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Circulation Journal
Vol. 75 (2011) No. 10 p. 2465-2473



Preventive Medicine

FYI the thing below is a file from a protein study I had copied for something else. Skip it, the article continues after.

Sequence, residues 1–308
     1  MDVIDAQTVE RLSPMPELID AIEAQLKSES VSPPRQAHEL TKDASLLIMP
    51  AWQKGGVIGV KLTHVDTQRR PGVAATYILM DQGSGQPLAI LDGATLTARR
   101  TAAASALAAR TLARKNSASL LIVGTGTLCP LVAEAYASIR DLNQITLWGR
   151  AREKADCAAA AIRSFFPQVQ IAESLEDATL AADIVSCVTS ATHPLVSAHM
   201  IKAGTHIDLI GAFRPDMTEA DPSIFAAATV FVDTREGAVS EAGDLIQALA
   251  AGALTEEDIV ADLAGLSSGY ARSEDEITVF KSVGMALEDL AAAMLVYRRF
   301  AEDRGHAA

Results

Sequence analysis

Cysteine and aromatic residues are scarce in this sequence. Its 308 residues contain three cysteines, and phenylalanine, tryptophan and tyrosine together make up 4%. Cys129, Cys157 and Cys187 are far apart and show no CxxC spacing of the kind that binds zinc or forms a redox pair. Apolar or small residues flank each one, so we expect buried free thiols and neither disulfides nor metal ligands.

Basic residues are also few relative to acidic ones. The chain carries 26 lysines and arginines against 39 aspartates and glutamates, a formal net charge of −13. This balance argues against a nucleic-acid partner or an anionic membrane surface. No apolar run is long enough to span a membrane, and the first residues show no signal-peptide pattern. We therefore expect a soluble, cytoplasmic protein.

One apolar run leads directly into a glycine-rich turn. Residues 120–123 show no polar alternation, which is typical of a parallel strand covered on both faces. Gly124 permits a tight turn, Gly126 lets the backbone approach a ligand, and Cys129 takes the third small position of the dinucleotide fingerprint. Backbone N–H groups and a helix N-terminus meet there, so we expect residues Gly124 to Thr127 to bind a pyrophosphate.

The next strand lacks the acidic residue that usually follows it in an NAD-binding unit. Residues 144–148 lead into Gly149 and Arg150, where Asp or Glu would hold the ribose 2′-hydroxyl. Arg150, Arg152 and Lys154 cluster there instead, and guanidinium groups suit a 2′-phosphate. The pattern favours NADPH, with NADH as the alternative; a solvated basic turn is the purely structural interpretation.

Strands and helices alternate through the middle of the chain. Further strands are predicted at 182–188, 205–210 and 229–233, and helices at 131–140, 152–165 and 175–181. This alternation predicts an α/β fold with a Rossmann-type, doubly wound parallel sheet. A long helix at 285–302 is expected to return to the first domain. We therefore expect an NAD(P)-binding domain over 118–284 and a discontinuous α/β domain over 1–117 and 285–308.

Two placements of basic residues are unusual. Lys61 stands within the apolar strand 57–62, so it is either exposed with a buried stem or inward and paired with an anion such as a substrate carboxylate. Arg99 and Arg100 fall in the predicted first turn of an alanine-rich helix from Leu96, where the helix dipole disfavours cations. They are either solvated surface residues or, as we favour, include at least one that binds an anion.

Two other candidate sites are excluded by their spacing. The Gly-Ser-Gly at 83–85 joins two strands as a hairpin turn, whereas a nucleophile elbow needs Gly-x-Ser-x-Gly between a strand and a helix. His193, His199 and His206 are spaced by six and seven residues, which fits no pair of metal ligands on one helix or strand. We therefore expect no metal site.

Background: Several studies have suggested that depression poses a risk in cardiovascular patients. The aim of the present study was to evaluate the prevalence of depression and its effect on cardiovascular events and mortality in Japanese inpatients with cardiovascular disease. Methods and Results: A total of 505 patients hospitalized with cardiovascular disease (28% female; mean age, 61±14 years; 31% ischemic heart disease; 47% New York Heart Association [NYHA] class II-IV; 25% implantation of pacing devices) were enrolled in the present prospective observational study. The Zung Self-Rating Depression Scale (SDS) was used to screen for depression. The primary outcome was the time to death or cardiovascular event, and the secondary outcome was death. In total, 109 patients (22%) were diagnosed with depression (Zung SDS index score ≥60). NYHA class III/IV, defibrillator implantation, and being unmarried were independently associated with depression. During an average follow-up period of 38±15 months, 92 patients (18%) reached the primary outcome. There was a higher incidence of the primary outcome in patients with depression than in those who were not depressed (P<0.01). Depressed patients had a significantly higher rate of mortality than non-depressed patients (P<0.01). Depression was an independent predictor of the primary outcome (hazard ratio, 2.25; 95% confidence interval: 1.30-3.92, P<0.01). Conclusions: Depression was not uncommon in Japanese inpatients with cardiovascular disease and was associated with cardiovascular outcomes. (Circ J 2011; 75: 2465-2473)


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